Nebraska landed a verbal commitment from three-star defensive lineman Jailen Weaver on Saturday evening. Here are three observations on the newest addition to the Huskers’ 2021 class.

1. Weaver is a prototypical player for the 3-4 system that Nebraska and defensive coordinator Erik Chinander use most of the time.

At 6-foot-8 and 280 pounds, Weaver has the athleticism to project as an effective pass rusher but the length to set the edge and use up space.

The Huskers have made a concerted effort to get bigger and longer, particularly on the defensive side, and it’s clear in the players NU has in its rotation up front this fall. The seven main contributors average about 6-foot-5 and 312 pounds. In recruiting, Nebraska the past two classes has added players such as Jordon Riley (6-6, 330), Ty Robinson (6-5, 315) Keem Green (6-5, 325) and Nash Hutmacher (6-5, 330).

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“The thing about length and athletic ability is when you’re playing radius increases, the chance for error decreases," Chinander said this spring. "When you’re not as long, it’s harder to make up for some things when you get cut out of a gap or you get a bad jump or something like that. But when you’re longer, you can get away with some stuff.”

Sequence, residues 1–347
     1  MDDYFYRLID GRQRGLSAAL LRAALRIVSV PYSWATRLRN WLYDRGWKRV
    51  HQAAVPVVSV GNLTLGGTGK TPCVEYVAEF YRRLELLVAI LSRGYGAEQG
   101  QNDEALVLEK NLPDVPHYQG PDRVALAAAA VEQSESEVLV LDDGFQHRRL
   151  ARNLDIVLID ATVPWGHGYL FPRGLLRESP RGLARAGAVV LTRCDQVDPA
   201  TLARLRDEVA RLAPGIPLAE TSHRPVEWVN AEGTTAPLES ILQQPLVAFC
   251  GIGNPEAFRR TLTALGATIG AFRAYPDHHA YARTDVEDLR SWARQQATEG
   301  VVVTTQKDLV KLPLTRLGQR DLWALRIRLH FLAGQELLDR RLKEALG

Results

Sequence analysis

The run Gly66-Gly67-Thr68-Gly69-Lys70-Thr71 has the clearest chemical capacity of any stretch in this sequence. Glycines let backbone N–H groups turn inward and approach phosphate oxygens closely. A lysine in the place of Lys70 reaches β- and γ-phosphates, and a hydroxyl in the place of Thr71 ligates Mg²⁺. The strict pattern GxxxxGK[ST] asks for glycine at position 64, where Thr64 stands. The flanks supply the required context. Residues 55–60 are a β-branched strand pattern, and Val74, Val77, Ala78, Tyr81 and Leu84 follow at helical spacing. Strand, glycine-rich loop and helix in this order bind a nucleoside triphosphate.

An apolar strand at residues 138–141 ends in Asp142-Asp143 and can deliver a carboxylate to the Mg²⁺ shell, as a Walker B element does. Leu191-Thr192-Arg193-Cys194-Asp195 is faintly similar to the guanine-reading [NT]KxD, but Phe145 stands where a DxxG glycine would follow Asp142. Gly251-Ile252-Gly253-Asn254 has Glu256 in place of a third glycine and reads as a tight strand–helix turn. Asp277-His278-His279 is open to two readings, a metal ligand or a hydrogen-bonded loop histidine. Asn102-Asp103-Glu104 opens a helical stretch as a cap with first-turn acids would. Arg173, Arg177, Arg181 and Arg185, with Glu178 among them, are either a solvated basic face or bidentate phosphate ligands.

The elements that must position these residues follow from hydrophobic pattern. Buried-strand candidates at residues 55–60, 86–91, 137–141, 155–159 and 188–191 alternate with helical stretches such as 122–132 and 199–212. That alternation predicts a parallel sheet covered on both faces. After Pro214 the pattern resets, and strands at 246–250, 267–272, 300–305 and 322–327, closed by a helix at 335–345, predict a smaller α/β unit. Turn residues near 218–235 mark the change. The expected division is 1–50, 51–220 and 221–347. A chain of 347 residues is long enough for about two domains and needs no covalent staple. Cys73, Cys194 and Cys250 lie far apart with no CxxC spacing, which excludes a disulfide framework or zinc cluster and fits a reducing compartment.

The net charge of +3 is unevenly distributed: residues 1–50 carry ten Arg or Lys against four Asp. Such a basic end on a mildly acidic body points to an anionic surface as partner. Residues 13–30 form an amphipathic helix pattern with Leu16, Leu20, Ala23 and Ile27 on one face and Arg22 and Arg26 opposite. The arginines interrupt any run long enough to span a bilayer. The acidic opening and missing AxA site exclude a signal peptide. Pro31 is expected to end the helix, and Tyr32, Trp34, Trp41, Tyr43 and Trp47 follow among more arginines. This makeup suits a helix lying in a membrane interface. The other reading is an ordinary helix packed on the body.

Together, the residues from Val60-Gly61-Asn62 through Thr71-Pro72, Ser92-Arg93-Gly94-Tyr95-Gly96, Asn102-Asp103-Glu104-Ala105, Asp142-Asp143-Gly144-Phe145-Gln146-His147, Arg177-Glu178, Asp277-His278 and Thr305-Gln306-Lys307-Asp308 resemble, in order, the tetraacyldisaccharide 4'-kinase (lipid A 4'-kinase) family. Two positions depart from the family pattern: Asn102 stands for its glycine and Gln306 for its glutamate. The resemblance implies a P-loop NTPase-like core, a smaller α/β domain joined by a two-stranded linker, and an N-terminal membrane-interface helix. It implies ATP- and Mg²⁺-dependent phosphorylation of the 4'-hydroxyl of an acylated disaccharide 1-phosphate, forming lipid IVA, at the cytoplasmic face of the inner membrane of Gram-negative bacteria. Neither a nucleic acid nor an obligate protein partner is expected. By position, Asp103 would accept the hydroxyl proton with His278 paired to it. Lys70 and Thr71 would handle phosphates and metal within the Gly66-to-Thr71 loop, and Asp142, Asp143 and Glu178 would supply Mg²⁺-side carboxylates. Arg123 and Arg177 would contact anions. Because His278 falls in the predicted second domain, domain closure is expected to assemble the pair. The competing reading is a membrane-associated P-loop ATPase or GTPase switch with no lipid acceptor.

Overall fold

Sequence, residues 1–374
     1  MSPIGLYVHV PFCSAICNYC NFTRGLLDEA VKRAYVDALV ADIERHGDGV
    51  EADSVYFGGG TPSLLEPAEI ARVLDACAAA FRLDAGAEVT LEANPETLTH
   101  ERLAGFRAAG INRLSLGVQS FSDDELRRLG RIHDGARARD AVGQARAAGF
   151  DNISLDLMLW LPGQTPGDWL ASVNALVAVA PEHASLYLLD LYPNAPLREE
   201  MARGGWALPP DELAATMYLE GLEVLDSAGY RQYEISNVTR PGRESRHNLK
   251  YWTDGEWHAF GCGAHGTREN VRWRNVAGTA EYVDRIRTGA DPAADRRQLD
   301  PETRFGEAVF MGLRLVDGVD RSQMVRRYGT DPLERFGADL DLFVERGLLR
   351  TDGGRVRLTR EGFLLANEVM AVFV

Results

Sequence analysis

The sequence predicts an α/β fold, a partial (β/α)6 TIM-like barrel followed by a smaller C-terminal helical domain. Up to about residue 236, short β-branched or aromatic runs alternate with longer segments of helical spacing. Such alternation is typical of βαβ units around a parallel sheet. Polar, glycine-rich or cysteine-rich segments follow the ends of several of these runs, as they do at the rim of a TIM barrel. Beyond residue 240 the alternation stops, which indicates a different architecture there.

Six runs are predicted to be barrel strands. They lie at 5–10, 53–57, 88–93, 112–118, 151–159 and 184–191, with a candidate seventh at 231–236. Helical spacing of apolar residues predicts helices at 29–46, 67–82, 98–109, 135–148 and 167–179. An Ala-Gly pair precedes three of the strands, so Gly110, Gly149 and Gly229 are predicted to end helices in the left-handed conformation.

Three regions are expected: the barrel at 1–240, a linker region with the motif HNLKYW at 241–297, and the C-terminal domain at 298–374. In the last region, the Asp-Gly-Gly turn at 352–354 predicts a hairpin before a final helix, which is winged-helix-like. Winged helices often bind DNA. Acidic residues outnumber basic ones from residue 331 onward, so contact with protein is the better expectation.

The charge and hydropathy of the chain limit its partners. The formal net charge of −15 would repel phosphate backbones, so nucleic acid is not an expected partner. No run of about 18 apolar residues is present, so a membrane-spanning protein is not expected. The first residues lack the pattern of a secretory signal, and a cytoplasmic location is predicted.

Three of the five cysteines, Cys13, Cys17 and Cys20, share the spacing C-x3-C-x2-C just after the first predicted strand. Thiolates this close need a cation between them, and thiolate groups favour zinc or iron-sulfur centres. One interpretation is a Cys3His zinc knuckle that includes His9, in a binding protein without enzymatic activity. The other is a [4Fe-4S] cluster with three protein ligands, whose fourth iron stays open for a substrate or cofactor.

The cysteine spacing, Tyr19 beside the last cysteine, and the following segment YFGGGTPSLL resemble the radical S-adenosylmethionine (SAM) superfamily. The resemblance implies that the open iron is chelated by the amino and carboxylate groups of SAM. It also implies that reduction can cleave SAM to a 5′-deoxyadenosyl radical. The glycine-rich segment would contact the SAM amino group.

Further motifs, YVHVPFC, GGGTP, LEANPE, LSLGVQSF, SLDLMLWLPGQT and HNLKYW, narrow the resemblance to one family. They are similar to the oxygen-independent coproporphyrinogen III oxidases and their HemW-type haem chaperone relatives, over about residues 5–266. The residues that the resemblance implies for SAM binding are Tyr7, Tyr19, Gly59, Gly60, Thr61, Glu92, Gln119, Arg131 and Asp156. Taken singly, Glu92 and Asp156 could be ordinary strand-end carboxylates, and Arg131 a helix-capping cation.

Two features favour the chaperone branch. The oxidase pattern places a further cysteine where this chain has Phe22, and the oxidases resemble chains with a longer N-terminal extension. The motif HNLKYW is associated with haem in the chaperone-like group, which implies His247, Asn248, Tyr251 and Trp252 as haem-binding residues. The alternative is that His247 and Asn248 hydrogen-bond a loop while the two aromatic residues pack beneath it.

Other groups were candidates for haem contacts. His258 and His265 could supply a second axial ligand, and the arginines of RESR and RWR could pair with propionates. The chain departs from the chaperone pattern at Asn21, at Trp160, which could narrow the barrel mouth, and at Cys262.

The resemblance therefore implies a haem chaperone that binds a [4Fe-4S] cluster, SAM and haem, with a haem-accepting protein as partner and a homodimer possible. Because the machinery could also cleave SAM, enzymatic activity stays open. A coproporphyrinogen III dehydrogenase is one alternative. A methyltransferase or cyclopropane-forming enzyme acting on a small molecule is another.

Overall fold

Weaver is just the next in a steady infusion of rangy athletes for Nebraska’s front line.

2. Weaver is just the first in a couple of puzzle pieces up front that will help round out Nebraska’s 2021 recruiting class.

Until Saturday, the Huskers did not have a defensive lineman publicly committed to the program for the current class. Weaver, though, will not be the last.

Nebraska is in on a big group of defensive linemen that also includes four-star Tiaoalii Savea (Las Vegas), three-star Ru’Quan Buckley (Grand Rapids, Michigan), current USC verbal commit Jay Toia (Simi Valley, California), Davon Townley (Minneapolis) and Zhen Sotelo (Kapolei, Hawaii), among others.

Nebraska has about four spots left in the class after adding Weaver and graduate transfer linebacker Chris Kolarevic (Northern Iowa) in the past two days to bring its class size to 21. Up to half of those could be defensive linemen, perhaps one more defensive end and an interior player, too.

3. Tuioti now has tangible progress to show for his work on the recruiting trail.

The way the Nebraska’s last recruiting class and the first several months of 2021 shook out, Tuioti didn’t have many players that he was the primary recruiter of that ended up at Nebraska. That’s in part because Nebraska mined the junior college ranks and in part because he didn’t join the program until February 2019, by which time the groundwork for the 2020 class was already laid.

He’s always been known as an effective recruiter, though he mostly works territories a long way from Nebraska, primarily California, the West Coast and Hawaii. Now he’s got one of his guys in the boat, though, and leads on several others that could pop for the 2021 class.

That, combined with the early returns from an overall inexperienced defensive line in Week 1 against Ohio State, means Tuioti’s year is rounding into form nicely.

Halloween Husker moments

Contact the writer at pgabriel@journalstar.com or 402-473-7439. On Twitter @HuskerExtraPG.